The pain brought on by Florida’s ‘Dont Say Gay Bill’

By Jay Roberson

On March 8, the “Don’t Say Gay Bill” was passed by Florida Gov. Ron DeSantis. This extreme anti-LGBTQ+ law was placed into effect in schools across Florida in order to prohibit teachers from speaking about gender identity or sexuality. As a non-binary lesbian and a future educator, I remember the fear I felt when I read the news and saw that it had passed.

Never did I think that I would read a similar article later in the year stating that the Republican Party is attempting to pass a nationwide law prohibiting the discussion of any LGBTQ+ matter in classrooms of children ages 10 and under.

My gender identity and sexuality have always been something that I struggled with, but now that I am secure in my queer identity, I am proud of who I am. It took me a long time to find security and comfort in my labels, so the fact that they are trying to erase my identity from classrooms across the country is incredibly upsetting.

The original bill that was passed in Florida states, “Classroom instruction by school personnel or third parties on sexual orientation or gender identity may not occur in kindergarten through grade 3 or in a manner that is not age-appropriate or developmentally appropriate for students in accordance with state standards.”

Not only is this detrimental to students, but to LGBTQ+ educators who are unable to speak about their identity in class. To make matters worse, on Oct. 18 it was released that U.S. Rep. Mike Johnson is attempting to pass the “Stop The Sexualization of Children Act,” which is essentially a nationwide version of the “Don’t Say Gay Bill.”

Republicans who are supporting this bill are hoping to “protect children” by federally defunding any events or organizations that are LGBTQ+ based; however, this is not protecting children. If anything, this bill will negatively affect children who are questioning their gender identity or sexuality.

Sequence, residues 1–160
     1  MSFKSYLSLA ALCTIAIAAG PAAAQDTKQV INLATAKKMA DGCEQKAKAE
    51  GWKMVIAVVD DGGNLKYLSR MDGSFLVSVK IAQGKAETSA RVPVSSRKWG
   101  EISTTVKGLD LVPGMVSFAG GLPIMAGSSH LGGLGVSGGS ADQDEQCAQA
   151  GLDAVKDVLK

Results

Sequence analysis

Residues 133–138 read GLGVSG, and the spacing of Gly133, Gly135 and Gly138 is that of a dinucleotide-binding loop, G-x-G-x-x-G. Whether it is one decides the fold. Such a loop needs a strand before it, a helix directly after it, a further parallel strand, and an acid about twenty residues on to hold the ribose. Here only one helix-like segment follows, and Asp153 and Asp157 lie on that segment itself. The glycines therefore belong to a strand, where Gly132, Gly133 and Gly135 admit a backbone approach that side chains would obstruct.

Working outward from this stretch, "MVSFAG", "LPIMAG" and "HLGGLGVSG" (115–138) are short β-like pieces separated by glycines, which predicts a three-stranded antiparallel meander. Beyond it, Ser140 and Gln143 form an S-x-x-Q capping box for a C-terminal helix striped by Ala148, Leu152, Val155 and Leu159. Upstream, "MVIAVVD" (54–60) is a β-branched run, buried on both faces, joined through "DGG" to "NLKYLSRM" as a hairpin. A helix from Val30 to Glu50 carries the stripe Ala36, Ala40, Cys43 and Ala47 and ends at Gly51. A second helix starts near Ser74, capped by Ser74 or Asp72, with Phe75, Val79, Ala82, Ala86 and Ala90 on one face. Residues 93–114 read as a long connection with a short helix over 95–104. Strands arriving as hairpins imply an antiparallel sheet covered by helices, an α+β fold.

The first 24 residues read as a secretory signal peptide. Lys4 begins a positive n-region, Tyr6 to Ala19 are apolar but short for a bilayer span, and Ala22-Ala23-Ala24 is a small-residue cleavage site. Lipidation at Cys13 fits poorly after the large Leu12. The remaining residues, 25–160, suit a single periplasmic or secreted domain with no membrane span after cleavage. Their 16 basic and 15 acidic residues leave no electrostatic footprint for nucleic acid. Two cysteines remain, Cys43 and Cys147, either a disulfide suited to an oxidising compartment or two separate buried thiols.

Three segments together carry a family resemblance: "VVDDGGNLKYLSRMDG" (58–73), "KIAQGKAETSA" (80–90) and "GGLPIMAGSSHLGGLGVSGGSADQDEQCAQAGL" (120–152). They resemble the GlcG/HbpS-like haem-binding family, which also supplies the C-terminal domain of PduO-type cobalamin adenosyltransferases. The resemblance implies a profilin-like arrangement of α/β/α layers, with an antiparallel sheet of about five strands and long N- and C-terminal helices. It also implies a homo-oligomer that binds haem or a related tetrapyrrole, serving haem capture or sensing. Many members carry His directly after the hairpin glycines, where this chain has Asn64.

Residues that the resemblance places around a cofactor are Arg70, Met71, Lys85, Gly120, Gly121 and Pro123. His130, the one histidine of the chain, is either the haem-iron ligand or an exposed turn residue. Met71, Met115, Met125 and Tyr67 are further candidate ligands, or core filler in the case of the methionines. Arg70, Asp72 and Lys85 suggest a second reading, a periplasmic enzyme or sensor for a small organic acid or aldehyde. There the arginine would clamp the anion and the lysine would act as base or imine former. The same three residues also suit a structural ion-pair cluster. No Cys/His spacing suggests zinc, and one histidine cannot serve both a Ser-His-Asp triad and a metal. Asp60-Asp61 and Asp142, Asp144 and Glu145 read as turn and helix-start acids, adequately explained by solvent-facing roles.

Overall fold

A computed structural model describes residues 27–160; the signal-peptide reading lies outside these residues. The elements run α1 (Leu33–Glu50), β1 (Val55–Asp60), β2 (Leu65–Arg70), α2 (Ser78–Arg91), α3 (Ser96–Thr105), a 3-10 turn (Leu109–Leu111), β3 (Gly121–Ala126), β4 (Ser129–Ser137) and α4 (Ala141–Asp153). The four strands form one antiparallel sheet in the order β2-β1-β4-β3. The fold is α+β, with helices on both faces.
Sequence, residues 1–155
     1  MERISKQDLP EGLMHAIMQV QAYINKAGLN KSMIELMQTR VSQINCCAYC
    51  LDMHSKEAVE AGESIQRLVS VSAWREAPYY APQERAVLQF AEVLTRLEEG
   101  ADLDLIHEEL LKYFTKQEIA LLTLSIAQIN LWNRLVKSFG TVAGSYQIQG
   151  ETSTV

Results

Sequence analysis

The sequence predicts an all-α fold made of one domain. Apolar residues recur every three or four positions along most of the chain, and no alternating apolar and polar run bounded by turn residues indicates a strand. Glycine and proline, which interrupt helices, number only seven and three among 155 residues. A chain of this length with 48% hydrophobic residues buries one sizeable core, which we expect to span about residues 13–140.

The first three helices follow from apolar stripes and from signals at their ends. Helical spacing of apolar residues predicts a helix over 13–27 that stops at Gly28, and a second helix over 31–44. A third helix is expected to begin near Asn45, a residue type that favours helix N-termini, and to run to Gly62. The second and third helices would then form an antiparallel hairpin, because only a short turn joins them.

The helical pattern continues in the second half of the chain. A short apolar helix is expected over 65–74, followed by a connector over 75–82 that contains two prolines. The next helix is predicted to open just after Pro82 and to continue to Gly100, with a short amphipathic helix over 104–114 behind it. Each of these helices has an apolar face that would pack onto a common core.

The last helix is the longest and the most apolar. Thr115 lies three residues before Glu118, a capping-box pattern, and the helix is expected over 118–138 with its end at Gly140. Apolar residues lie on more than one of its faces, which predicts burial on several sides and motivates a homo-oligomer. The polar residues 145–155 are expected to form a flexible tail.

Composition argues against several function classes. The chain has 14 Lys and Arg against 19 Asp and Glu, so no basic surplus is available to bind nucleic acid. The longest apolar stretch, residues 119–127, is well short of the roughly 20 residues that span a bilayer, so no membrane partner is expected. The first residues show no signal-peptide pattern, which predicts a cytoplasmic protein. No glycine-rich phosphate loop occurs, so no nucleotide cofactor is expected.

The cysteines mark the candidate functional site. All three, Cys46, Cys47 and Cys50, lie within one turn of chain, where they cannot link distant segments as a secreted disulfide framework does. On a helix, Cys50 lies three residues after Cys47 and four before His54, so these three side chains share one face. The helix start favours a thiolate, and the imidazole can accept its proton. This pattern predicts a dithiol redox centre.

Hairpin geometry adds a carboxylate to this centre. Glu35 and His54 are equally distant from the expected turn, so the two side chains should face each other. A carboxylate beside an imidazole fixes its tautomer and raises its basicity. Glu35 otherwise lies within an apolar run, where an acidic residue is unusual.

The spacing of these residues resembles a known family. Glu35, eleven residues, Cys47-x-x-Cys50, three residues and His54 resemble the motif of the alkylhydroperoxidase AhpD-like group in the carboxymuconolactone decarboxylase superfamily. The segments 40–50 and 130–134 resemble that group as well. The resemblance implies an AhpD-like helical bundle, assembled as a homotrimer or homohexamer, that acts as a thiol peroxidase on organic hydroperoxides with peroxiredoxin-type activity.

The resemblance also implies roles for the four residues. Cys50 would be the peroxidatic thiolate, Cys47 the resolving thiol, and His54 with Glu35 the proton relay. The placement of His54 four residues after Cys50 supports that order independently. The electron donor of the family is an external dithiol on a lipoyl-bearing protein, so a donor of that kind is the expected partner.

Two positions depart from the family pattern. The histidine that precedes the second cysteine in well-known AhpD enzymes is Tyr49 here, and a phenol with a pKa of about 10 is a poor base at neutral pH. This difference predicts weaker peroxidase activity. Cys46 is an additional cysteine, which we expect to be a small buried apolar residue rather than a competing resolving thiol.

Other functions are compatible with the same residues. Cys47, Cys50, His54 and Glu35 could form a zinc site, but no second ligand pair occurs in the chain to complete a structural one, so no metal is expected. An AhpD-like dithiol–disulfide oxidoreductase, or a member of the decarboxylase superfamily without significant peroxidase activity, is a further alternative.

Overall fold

Erasing the topic of the LGBTQ+ community in classrooms will only leave room for more ignorance due to a lack of education. Throughout middle and high school, I was never brave enough to come out as lesbian or non-binary because of the backlash I would have received. This is partly due to the fact that the LGBTQ+ community was rarely brought up in class.

We were given health classes and sex education, but rarely did my teachers utter a word about LGBTQ+ people within those lessons. The only time I remember discussing the topic of the LGBTQ+ community was in my senior year health class where they debated the validity of being transgender.

Considering I had just started to come to terms with being non-binary, I felt extremely unsafe in that classroom as students debated the existence of transgender people. This is not the first time I have heard this debate, though.

It feels like every time my human rights are brought up, an argument comes along with it. I started observing classes at a middle school this semester, and I’m starting to really love teaching.

Not every part of it is easy though. I’m not a Miss or Mr. I told my co-op teacher that I’m non-binary and want to be called Teacher Roberson, to which they replied, “We’ll have to see what the school says, [but] that might be controversial around the kids.”

Then, they informed me that kids may not accept me or purposely misgender me. This is something that I’ve become accustomed to due to my identity, primarily from the adults who have issues adapting.

When I tell people I’m a part of the LGBTQ+ community and use they/them pronouns, they feel like they’re entitled to give me advice or just pretend that part of me doesn’t exist. These people really don’t know me at all, though. I’m a copy editor at The Rider News. I’m a peer leader in the Multicultural Student Leadership Institute. Most importantly, I’m non-binary and a future educator. I hope to leave a good impact on future generations. This bill not only invalidates all LGBTQ+ people; it erases the LGBTQ+ community across the country.

Related Articles

Back to top button